Marc Smith is a senior research sociologist at Microsoft Research specializing in the social organization of online communities and computer mediated interaction. He founded the Community Technologies Group, and is now part of the Internet Services Research Center at Microsoft Research in Silicon Valley.
He is the co-editor of Communities in Cyberspace (Routledge), a collection of essays exploring the ways identity; interaction and social order develop in online groups.
Smith's research focuses on computer-mediated collective action: the ways group dynamics change when they take place in and through social cyberspaces. Many “groups” in cyberspace produce public goods and organize themselves in the form of a commons (for related papers see: http://www.research.microsoft.com/~masmith). Smith's goal is to visualize these social cyberspaces, mapping and measuring their structure, dynamics and life cycles. He has developed a web interface http://netscan.research.microsoft.com) to the "Netscan" engine that allows researchers studying Usenet newsgroups to get reports on the rates of posting, posters, crossposting, thread length and frequency distributions of activity.
This research offers a means to gather historical data on the development of social cyberspaces and can be used to highlight the ways these groups differ from, or are similar to, face-to-face groups. Smith is applying this work to the development of a generalized community platform for Microsoft, providing a web based system for groups of all sizes to discuss and publish their material to the web.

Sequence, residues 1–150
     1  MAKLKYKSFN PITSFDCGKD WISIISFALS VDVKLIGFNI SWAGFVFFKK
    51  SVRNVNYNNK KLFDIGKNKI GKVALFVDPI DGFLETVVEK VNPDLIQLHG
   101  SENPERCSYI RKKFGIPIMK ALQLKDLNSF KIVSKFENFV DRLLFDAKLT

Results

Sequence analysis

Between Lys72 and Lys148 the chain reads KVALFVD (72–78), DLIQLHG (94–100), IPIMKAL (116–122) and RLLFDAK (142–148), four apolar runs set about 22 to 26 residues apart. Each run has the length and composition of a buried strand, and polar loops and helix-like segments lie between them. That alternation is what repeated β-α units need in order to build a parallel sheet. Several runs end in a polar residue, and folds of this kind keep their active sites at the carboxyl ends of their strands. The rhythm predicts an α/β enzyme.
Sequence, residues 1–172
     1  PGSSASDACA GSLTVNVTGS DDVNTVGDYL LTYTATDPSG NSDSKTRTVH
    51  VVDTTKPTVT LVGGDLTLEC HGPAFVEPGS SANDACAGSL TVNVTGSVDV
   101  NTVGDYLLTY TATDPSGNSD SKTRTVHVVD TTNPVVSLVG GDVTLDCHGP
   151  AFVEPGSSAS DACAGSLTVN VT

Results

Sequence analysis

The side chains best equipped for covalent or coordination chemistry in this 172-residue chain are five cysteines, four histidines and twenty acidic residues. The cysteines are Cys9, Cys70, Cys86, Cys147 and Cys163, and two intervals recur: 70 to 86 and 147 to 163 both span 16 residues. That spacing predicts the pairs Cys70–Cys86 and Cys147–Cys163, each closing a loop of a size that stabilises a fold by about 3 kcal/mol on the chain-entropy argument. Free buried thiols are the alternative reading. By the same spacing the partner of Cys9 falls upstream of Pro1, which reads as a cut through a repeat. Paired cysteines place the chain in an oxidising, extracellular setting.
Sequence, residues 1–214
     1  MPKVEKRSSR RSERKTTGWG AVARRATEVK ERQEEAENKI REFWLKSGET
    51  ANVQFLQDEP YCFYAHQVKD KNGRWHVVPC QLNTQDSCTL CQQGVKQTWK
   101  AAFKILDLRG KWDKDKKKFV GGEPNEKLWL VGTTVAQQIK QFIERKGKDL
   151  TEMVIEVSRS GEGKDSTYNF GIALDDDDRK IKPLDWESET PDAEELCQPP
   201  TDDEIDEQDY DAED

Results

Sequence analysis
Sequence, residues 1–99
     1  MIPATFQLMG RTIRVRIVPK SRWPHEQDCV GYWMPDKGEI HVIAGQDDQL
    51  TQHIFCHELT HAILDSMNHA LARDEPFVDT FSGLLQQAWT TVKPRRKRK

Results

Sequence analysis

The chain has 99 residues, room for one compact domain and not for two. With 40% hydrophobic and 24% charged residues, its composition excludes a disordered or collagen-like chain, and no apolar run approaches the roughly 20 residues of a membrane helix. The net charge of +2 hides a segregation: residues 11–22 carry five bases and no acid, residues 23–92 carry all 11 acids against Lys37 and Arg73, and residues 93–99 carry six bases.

Smith received a B.S. in International Area Studies from Drexel University in Philadelphia in 1988, an M.Phil. in social theory from Cambridge University in 1990, and a Ph.D. in Sociology from UCLA in 2001.
Dave Sifry is an American software entrepreneur and blogosphere icon known most recently for founding Technorati, a leading blog search engine. He also lectures widely on wireless technology and policy, weblogs, and open source software.
Sifry grew up on Long Island, and learned to program on a Commodore PET. He decided that he would move to Silicon Valley and start a company when he was still a teen. After studying computer science at Johns Hopkins University, he worked for Mitsubishi.
Sifry cofounded Sputnik, a Wi-Fi gateway company, and Linuxcare.
He has been a founding member of the board of Linux International, and a technical advisor to the National Cybercrime Training Partnership for law enforcement .
Brad Fitzpatrick was the founder and CTO of Danga Interactive, best known for the popular community blogging and social networking site LiveJournal.com. Fitzpatrick grew LiveJournal from its early days as a hobby project in college to a site with over 13 million accounts. Throughout LiveJournal's history, Fitzpatrick led the development of a number of open source tools and projects including memcached, OpenID, MogileFS, Perlbal, and DJabberd. Since August 2007, Brad has been working at Google.